The first Gaofen satellite was launched in April 2013 based on the compact CAST-4000 satellite platform, hosting a 400-Kilogram imaging payload featuring a pair of High-Resolution Cameras and four Wide Field Imagers. With its payload, Gaofen-1 can deliver imagery of a 69-Kilometer wide ground swath, reaching a resolution of two meters for panchromatic images and eight meters for multispectral imagery. The Wide Field Imagers reach a 16-meter resolution but cover a much wider swath of 830 Kilometers.
Gaofen-2 was lifted by a Long March 4B rocket in August 2014 and carries a High-Resolution Imaging Payload. Based on the CS-3000A platform, the satellite delivers imagery at an 80-centimeter ground resolution in the panchromatic band along a 48-Kilometer swath. Multispectral imagery reaches a resolution of 3.2 meters.
Gaofen-3 was launched just last month atop a Long March 4C, using another version of the CS-3000 platform hosting a large deployable radar antenna operating in C-Band. The Synthetic Aperture Radar bounces radio waves off the ground to enable all-weather, round the clock land and ocean monitoring. The instrument can operate in different modes covering a ground swath between 10 and 650 Kilometers at varying resolutions.
Gaofen-4, launched in December 2015, is the first in the program to operate from Geostationary Orbit – employing a staring camera to deliver 400 x 400-Kilometer frames from a 7,000 x 7,000-Kilometer observation area, reaching a ground resolution of 50 meters. From its high-altitude vantage point, Gaofen-4 delivers data in near-real time.
Gaofen-5 is expected to fly in 2017 and will carry a suite of six payloads including a hyperspectral camera, a spectral imager, greenhouse gas monitor, trace gas spectrometer, infrared detector and multi-angle polarization instrument. Gaofen-6 will be a carbon copy of the first satellite to replace it at the end of its operational life and Gaofen-7 is going to host a hyper-spectral stereo imaging payload, not expected to launch before 2018.
Originally, these seven satellites were to form the Gaofen space segment, however, 2015 saw the launches of Gaofen-8 and 9 that likely represented additions to the original constellation. The current belief is that this expansion of the program is the result of the merger of a military project with the civilian CHEOS program.
It is suspected that the additional satellites find their origin within the Yaogan military reconnaissance satellite series operated exclusively for military applications while Gaofen is most likely used for civilian and military purposes as needed. The capabilities of Gaofen and Yaogan are very similar in terms of ground resolution.
Given the lack of information available on the payload carried by Gaofen-10, it is safe to assume that it also represents one of the later additions to the program coming from a military background.
Long March 4C
The Long march 4C Launch Vehicle is part of China’s flight proven Long March Rocket family. It is derived from the CZ-4B Launcher, but features a re-startable upper stage and can accommodate a larger Payload Fairing. It is operated from the Jiuquan and Taiyuan Satellite Launch Centers.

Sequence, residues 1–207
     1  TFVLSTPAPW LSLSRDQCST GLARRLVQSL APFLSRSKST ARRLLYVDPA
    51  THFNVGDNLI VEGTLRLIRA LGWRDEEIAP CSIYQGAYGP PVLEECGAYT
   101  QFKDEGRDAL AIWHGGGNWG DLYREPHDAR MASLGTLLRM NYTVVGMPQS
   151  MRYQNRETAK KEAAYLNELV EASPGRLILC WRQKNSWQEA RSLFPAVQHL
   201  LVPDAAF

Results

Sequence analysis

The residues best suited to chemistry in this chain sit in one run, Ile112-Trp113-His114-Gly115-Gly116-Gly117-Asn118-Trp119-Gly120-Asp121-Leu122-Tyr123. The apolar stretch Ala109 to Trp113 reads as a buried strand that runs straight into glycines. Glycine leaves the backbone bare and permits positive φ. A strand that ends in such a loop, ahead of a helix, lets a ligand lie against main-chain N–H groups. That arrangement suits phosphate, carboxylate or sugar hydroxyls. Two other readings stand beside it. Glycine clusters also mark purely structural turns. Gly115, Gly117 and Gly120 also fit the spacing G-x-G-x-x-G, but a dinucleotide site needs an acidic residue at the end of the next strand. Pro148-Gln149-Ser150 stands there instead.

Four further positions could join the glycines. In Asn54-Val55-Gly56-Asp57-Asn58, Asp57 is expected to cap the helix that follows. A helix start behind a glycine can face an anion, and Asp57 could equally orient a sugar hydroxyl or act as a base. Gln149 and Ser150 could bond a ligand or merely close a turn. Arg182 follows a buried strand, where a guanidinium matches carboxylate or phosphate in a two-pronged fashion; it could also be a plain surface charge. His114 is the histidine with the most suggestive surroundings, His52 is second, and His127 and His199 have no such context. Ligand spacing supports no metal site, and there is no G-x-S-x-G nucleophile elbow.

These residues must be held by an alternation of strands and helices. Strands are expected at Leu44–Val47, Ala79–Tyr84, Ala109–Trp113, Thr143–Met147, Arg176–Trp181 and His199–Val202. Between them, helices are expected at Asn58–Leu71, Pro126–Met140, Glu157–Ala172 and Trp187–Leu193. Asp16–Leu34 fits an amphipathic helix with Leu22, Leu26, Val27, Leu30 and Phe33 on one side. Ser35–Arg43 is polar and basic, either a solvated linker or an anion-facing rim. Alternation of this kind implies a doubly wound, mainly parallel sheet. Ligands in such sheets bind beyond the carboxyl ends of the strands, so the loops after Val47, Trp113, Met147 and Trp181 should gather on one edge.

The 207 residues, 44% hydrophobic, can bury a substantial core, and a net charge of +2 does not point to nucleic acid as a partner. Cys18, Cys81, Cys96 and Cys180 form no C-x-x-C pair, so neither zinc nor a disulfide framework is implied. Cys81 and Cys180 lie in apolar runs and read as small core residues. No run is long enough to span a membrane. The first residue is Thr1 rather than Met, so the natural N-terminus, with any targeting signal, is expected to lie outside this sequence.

CZ-4C has a liftoff mass of 250,000 Kilograms and is 45.8 meters in length with a diameter of 3.35 meters. It features several improvements over the CZ-4B such as new telemetry, tracking, control, and self-destruction systems that are smaller in size.
The first stage of the vehicle is powered by a YF-21B Rocket Engine which consists of a cluster of four YF-20B Engines each providing 814 Kilonewtons of Vacuum Thrust
At liftoff, the YF-21B provides a thrust of 2,962 Kilonewtons generating a total Thrust-to-Weight ratio of 1.21. The Engine Assembly has a weight of 2,850 Kilograms, is 3.3 meters in length and 3.5 meters in diameter. The engine nozzles are gimbaled for vehicle control. All three Stages of the vehicle use Nitrogen Tetroxide as oxidizer and Unsymmetrical Dimethylhydrazine as fuel. The first stage has a liftoff mass of 193,300 Kilograms including 183,300 Kilograms of propellants. It is 24.7 meters in length.
The second stage of the vehicle is powered by a YF-22B Main Engine providing 738 Kilonewtons of thrust and a four-chamber vernier yet designated YF-23F providing 46 Kilonewtons of thrust. The main engines is fixed while the four vernier nozzles can be gimbaled for attitude control during powered flight. The stage is 10.4 meters long and holds 35,370 Kilograms of storable propellants. Both, the first and second stage, are based on components that are flown on other CZ Rockets. The third stage however, is a specially designed rocket stage for the Long March 4C and its purposes.
The stage is 4.9 meters long and has a reduced diameter of 2.9 meters. Liftoff mass is 14,560 Kilograms including 12,800 Kilograms of propellants. It uses a 98-Kilonewton YF-40 Rocket Engine. YF-40 has a dry weight of approximately 166 Kilograms and a diameter of 0.65 meters. It provides re-ignition capability to the vehicle in order to target a variety of orbits and provide precise injection capabilities.
Long March 4C is capable of delivering payloads of up to 4,200 Kilograms to Low Earth Orbit. Sun Synchronous Orbit capability is 2,800 Kilograms and Payloads of up to 1,500 Kilograms can be delivered to Geostationary Transfer Orbit by the Long March 4C.